EBCI tribal member takes top honor at Trail of Tears Art Show

by Apr 27, 2024A&E, COMMUNITY sgadugi0 comments

John Henry Gloyne, a member of the Eastern Band of Cherokee Indians, is shown with his 53rd Annual Trail of Tears Art Show Best of Show piece, “Burial Ceremony: The Four Souls of the Cherokee Being”. (Anadisgoi – Cherokee Nation News photo)


TAHLEQUAH, Okla. – The longest-running Native American juried art show and competition in Oklahoma announced its top honors during a special reception on April 5 at the gallery in Cherokee Springs Plaza.

The 53rd annual Trail of Tears Art Show opened to the public April 6 and will run through May 11 and features a variety of authentic Native art, including 173 works from 105 artists, representing 21 tribal nations. Four Cherokee National Treasures were showcased in this year’s show including Harry Oosahwee, Kathy Van Buskirk, Lena Stick, and Troy Jackson.

John Henry Gloyne, Eastern Band of Cherokee Indians (EBCI), was recognized as this year’s Best of Show for his piece, “Burial Ceremony: The Four Souls of the Cherokee Being.” The acrylic and gouache painting depicts Cherokee burial rituals and the interconnections of the four souls of the Cherokee being: the liver, heart, brain and bones.

In addition to Gloyne, several other EBCI tribal members received awards at the show including:

  • Jacob Long, first place, Photography/Digital Art, “Sun Eater” and winner of the Jennie Ross Cobb Photography Award for “Waymaker”
  • Joshua West, second place, Emerging Artists category, “Uktena’s Guard”
  • Tara McCoy, second place, Pottery, “Stomp”

The opening reception was hosted by Cherokee Nation Secretary of State Shella Bowlin, with awards distributed by Cherokee National Historical Society Board Chair Christy Neuhoff and Miss Cherokee Keeleigh Sanders.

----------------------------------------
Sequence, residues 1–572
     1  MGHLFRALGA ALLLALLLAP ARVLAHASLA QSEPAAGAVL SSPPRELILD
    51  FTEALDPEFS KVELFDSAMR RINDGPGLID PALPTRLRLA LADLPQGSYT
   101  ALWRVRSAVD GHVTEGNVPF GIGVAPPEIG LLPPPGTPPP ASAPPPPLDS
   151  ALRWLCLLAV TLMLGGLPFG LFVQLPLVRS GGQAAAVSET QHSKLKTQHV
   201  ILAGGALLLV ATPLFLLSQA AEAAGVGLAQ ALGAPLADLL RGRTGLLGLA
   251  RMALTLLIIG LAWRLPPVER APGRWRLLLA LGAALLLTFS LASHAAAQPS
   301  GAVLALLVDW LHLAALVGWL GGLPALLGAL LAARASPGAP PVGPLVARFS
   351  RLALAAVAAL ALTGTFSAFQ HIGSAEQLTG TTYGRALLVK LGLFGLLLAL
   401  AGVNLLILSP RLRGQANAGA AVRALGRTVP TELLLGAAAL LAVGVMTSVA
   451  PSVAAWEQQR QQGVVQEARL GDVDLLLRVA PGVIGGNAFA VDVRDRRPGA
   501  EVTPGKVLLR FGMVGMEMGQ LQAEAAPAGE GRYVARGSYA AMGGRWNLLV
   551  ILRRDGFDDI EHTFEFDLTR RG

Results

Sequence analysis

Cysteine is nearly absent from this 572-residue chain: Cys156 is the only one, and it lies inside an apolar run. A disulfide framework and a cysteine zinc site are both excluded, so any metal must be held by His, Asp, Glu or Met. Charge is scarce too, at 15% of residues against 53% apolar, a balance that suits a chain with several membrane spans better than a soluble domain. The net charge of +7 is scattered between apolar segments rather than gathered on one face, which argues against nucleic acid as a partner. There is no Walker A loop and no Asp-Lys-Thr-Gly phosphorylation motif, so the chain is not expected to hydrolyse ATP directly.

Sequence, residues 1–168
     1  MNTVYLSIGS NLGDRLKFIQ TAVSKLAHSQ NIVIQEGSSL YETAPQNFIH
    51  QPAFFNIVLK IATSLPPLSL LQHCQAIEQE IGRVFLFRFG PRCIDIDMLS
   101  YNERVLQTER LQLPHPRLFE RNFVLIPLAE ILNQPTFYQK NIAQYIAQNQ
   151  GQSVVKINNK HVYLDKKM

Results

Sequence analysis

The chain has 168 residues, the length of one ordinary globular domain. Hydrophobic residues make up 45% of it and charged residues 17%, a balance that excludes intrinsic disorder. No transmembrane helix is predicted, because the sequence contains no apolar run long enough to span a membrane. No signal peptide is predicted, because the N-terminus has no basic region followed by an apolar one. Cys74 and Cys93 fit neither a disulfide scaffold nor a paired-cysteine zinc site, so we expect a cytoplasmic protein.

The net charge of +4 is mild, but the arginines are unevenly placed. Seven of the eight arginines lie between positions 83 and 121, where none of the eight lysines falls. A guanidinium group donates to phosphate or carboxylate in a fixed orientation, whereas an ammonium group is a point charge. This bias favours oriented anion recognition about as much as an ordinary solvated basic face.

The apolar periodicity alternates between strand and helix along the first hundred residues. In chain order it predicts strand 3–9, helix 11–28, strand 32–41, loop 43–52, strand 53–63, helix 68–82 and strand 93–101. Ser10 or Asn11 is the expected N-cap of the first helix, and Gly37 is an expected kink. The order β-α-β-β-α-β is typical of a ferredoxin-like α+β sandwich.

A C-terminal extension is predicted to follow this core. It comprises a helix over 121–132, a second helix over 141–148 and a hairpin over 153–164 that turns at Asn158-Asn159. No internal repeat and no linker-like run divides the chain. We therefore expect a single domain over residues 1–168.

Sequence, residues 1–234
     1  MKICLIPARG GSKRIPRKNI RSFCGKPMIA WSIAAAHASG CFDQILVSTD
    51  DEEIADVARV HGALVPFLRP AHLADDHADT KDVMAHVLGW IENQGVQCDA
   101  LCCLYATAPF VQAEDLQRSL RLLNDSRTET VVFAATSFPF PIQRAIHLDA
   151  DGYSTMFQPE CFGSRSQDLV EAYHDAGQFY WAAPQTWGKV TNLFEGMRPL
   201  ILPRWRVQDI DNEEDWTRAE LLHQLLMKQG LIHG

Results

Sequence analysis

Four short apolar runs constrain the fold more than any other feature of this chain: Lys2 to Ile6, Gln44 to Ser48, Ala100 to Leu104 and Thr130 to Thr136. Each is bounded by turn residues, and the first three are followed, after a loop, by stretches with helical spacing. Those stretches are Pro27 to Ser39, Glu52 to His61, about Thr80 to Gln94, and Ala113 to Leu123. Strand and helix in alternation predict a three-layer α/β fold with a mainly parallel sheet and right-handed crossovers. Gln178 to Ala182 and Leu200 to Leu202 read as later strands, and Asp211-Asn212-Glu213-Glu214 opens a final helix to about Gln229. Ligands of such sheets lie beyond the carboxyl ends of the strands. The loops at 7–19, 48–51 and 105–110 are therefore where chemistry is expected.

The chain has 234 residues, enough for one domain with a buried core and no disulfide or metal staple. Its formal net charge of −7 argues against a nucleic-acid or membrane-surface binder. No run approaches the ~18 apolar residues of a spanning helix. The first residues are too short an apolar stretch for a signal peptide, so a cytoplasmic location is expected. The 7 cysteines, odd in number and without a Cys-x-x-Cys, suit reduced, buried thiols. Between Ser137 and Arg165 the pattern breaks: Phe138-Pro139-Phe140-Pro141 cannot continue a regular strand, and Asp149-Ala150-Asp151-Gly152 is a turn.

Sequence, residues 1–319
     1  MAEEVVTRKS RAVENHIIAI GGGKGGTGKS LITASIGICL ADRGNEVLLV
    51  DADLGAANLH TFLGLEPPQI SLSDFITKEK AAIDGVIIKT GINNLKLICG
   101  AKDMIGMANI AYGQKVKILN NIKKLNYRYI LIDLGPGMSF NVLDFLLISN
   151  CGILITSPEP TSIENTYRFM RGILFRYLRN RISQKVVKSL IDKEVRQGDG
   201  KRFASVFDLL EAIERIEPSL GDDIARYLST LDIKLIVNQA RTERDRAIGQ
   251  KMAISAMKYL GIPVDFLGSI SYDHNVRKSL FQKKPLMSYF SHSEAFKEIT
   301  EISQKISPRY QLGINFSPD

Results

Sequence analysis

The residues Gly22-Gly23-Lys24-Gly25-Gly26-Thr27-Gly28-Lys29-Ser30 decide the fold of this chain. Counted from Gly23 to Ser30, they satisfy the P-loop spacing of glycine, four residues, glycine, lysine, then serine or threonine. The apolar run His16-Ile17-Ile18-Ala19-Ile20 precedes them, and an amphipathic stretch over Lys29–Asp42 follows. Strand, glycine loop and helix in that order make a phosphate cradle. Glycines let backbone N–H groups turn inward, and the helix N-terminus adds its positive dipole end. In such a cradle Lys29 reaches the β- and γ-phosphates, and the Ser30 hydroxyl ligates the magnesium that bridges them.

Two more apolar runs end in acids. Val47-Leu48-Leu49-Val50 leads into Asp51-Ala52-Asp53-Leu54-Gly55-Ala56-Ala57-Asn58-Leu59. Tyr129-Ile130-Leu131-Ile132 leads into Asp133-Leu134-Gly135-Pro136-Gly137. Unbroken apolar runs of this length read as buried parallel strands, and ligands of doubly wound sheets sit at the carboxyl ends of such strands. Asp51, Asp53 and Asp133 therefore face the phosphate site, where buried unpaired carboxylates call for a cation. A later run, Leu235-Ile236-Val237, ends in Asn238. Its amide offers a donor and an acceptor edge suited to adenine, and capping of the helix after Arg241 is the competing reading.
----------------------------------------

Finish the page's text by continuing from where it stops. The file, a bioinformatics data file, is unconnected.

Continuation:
“Each year the Trail of Tears Art Show is a reminder to us all of the importance of Native artwork and the role it plays in cultural promotion and preservation,” said Cherokee Nation Principal Chief Chuck Hoskin Jr. “These artists are storytellers and culture keepers. Their work shares the stories of the tribulations and triumphs that have impacted Native nations throughout history and often are a beacon of light into the thriving nations we have become today.”

Through the juried show, artists compete for more than $18,000 in various categories. The following summary highlights the grand prize, first place and special award winners:

  • Best of Show: John Henry Gloyne, Eastern Band of Cherokee Indians, “Burial Ceremony: The Four Souls of the Cherokee Being”
  • Painting, first place: Kenny Henson, Cherokee Nation, “Clan Spirits”
  • Sculpture, first place: Charlie Nichols, Cherokee Nation, “Feathered Indian”
  • Basketry, first place: Hattie Lee Mendoza, Cherokee Nation, “Starry Dreams”
  • Pottery, first place: Troy Jackson, Cherokee National Treasure, “ᏌᎵ (Persimmon)”
  • Jewelry, first place: Tyran Cartledge, Cherokee Nation, “The Guides”
  • Textiles, first place: Jamie Bennett, Muscogee Nation, “Winged Serpeant”
  • Miniatures, first place: Ronald Mitchell, Cherokee Nation, “Flight from the Homeland”
  • Diverse Art Forms, first place: Stanley Charging; Mandan, Hidatsa, and Arikara Nation; “Unity”
  • Drawing, Graphics and Mixed Media, first place: Michael Mounce, Cherokee Nation, “3 Sisters”
  • Photography/Digital Art, first place: Jacob Long, Eastern Band of Cherokee Indians, “Sun Eater”
  • Trail of Tears Award: Sayo’:kla Kindness Williams, Oneida Nation, “Healing Coat: Remembering the Journey of Onyote a:ka (The People of the Standing Stone)”
  • Emerging Artists, first place: Gregory Standridge, Choctaw Nation, “Tu loc Chish ko”
  • Jennie Ross Cobb Photography Award: Jacob Long, Eastern Band of Cherokee Indians, “Waymaker”
  • Betty Scraper Garner Elder Award: Ernie Poindexter, Cherokee Nation, “At the End of the Trail”
  • Bill Rabbit Legacy Award: Joseph Byrd; Cherokee Nation, Osage Nation, and Quapaw Nation; ” ᏣᎳᎩᏓᎧᏁᎲ (Cherokee Knot)”


  • Anadisgoi release with One Feather contribution